Posted by **Stan** on Sunday, May 29, 2011 at 12:46am.

a parabola whose rootsare at A(-3,0) and B(6,0) has a y-intercept at point C(0,p),p<0, such that angle ABC is a right angle. if the equation of the parabola is y=ax^2+bx=c, compute the value of (abc)^2

- Math -
**MathMate**, Sunday, May 29, 2011 at 8:19am
The roots of the parabola are known (-3 and 6), so the equation of the parabola is in the form:

k(x+3)(x-6)=0 or

k(x²-3x-18)=0 ...(1)

where k is a constant to be determined.

Since the y-intercept is negative, k>0.

If ∠ABC is a right angle, then a circle with AB as diameter intersects the y-axis at intercepts (0,p) and (0,-p) where p<0.

The centre of circle ABC is at ((6-3)/2,0), or (1.5,0), and the radius is (6-(-3))/2 = 4.5.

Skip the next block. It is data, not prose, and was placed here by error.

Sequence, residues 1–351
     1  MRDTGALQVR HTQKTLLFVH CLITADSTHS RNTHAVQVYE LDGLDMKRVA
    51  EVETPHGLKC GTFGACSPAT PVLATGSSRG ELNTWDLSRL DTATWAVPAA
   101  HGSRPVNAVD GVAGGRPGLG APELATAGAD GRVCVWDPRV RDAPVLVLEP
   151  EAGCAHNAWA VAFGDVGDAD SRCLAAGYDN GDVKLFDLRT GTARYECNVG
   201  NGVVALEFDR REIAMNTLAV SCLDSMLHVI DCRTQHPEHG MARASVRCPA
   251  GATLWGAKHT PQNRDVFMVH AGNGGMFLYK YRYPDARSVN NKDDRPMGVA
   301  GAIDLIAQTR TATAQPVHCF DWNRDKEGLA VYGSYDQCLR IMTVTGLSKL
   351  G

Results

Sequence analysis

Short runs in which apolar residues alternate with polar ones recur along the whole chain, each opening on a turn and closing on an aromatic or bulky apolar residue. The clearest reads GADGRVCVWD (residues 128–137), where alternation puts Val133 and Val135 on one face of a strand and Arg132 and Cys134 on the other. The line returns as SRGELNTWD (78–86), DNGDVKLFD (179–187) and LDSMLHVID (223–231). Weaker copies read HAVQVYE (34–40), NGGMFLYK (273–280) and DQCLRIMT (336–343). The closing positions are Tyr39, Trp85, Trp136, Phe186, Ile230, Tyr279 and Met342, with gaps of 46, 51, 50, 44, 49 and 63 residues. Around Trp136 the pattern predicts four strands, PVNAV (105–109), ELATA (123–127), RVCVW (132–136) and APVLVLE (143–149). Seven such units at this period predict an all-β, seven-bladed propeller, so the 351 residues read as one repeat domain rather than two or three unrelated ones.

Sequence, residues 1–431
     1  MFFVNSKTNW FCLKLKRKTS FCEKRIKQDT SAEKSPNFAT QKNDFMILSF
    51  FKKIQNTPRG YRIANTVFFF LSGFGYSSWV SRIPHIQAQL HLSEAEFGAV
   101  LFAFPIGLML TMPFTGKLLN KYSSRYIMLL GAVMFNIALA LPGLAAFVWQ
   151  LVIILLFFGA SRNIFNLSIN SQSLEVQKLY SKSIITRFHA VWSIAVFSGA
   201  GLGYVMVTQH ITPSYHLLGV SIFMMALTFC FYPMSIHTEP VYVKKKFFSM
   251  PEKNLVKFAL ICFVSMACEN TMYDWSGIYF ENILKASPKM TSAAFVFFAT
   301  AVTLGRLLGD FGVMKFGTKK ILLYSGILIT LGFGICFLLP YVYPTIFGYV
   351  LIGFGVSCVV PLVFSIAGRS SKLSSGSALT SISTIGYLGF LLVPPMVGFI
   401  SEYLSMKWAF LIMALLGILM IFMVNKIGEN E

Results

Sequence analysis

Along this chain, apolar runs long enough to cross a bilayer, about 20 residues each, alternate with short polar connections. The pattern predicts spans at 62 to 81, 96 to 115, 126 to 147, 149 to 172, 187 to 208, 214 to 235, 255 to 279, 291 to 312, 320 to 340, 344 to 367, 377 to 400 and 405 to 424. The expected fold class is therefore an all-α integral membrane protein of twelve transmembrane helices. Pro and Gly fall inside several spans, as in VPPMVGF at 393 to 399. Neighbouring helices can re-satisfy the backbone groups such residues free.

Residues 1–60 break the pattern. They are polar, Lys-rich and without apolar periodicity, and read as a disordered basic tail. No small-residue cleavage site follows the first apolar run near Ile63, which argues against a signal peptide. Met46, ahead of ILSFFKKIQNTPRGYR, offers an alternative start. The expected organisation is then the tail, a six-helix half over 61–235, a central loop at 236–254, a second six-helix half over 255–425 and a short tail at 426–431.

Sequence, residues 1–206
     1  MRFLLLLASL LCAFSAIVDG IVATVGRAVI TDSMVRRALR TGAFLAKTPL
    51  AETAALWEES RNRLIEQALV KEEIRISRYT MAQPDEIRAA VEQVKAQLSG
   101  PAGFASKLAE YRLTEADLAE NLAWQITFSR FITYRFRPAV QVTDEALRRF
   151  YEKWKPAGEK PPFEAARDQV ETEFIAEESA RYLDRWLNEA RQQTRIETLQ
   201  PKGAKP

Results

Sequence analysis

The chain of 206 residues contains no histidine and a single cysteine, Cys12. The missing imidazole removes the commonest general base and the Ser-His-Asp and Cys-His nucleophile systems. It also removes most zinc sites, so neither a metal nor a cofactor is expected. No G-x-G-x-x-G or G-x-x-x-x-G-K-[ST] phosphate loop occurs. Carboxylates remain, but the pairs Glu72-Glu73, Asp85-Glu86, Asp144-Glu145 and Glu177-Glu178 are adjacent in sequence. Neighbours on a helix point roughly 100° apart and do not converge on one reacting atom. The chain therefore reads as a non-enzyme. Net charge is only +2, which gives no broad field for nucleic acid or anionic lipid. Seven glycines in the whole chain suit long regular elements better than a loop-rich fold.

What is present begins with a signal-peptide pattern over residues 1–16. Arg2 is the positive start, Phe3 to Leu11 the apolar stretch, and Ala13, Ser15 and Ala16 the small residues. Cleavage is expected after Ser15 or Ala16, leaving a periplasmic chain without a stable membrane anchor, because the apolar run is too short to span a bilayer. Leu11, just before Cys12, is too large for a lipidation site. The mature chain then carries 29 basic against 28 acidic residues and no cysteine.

The equation of circle ABC is therefore:

C1 : (x-1.5)^2+y^2=4.5^2, or

C1: (x-1.5)^2 + y^2 = 20.25

To find intersection with the y-axis, substitute x=0 in C1 and solve for y to get

y=±√18=±3√2

So p=-3√2.

The constant term of equation (1) should equal p (both are y-intercepts), which leads to:

-3√2 = -18k

Solve for k and substitute in (1) to get the equation of the parabola, and hence calculate (abc)^2 as required.

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